The Higher School of Economics has joined the LHCb collaboration at the Large Hadron Collider, which is operated by the European Organization for Nuclear Research. The group from HSE will consist of researchers from the Laboratory of Methods for Big Data Analysis (LAMBDA). This will give HSE researchers full access to data from the collaboration and allow the university to participate in various projects.
'From the perspective of the international academic community, participating in CERN experiments is a unique indication of a university's quality,' notes Denis Derkach, Senior Research Fellow with the Laboratory of Methods for Big Data Analysis (LAMBDA). 'This assumes the highest scientific level of research. If you look at the world's top 100 universities, for example those on the QS ranking, 90% of them participate in CERN experiments.'
Researchers with the Faculty of Computer Science have been working with the LHCb collaboration for more than two years already. The Yandex School of Data Analysis (which has been a collaboration participant since 2015) has previously been given the opportunity to work with data from the experiment. The HSE group is now planning to further develop projects such as particle identification and LHCb calorimeter optimisation together with Yandex and other participants of the collaboration.
'Our team members have already proven themselves through their accomplishments. It's enough to say that the high-level selection of data collected within the experiment is largely based on an algorithm developed by our team,' comments Fedor Ratnikov, a Senior Research Fellow with LAMBDA.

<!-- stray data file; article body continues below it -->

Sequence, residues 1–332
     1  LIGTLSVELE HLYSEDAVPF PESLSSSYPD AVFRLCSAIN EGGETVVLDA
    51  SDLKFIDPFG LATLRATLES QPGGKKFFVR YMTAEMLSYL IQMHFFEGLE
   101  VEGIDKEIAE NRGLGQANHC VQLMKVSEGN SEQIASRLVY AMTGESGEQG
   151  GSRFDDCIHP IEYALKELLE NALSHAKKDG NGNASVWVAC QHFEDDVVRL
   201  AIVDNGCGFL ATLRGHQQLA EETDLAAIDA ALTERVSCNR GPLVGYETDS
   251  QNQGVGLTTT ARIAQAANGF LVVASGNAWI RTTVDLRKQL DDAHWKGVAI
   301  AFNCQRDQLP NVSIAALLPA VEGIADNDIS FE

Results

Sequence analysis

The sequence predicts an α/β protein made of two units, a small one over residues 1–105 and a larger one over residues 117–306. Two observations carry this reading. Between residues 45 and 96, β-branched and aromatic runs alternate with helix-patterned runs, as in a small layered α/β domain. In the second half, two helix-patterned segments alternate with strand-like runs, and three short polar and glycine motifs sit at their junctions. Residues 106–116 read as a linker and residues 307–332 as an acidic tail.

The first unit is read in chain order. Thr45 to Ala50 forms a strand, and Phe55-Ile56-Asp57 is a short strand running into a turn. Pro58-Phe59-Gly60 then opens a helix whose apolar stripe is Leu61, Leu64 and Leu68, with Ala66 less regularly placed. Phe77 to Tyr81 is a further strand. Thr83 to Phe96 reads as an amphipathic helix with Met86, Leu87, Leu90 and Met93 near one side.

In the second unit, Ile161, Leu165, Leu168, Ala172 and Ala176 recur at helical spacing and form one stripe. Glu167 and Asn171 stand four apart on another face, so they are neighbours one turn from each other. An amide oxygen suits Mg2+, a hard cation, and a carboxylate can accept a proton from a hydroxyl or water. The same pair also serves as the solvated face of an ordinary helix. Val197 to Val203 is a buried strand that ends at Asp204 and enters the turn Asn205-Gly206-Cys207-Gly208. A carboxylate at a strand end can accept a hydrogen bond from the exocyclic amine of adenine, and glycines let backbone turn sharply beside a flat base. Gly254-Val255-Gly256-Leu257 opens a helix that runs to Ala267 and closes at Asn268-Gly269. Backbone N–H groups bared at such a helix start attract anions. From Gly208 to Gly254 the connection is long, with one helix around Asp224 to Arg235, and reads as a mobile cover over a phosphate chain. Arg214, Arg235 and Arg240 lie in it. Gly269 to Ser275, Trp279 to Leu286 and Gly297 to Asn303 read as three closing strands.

By joining the collaboration, the group assumes certain obligations and, as a participant, will go through regular checks to assess the group's activities and overall contribution towards the experiment.
In the future, HSE researchers and their colleagues from the School of Data Analysis, as LHCb collaboration participants, are planning to continue using machine-learning methods in high-energy physics.
'We see great potential for developing machine-learning in high-energy physics,' says LAMBDA Head Andrey Ustyuzhanin. 'At the same time, the problems that arise in physics serve as the impetus for new approaches in machine-learning that can be applied to other areas as well. For example, we have a project to develop an algorithm that searches for anomalies in data storage systems. In [the project] we apply approaches that were used in working with data from the Large Hadron Collider.'
The LHCb experiment is being carried out to research the asymmetry between matter and antimatter (charge-parity violation) in the universe, particularly when b quarks, or 'beauty' quarks, interact. This is why there is a 'b' in LHCb - it stands for Large Hadron Collider beauty experiment. Despite the lack of b quarks in the contemporary universe, these quarks were dispersed soon after the Big Bang. B and anti b quarks are very unstable and quickly decay into a number of other particles. Physicists believe that by researching variations in b and anti b quark decay, we can begin to understand the nature of antimatter.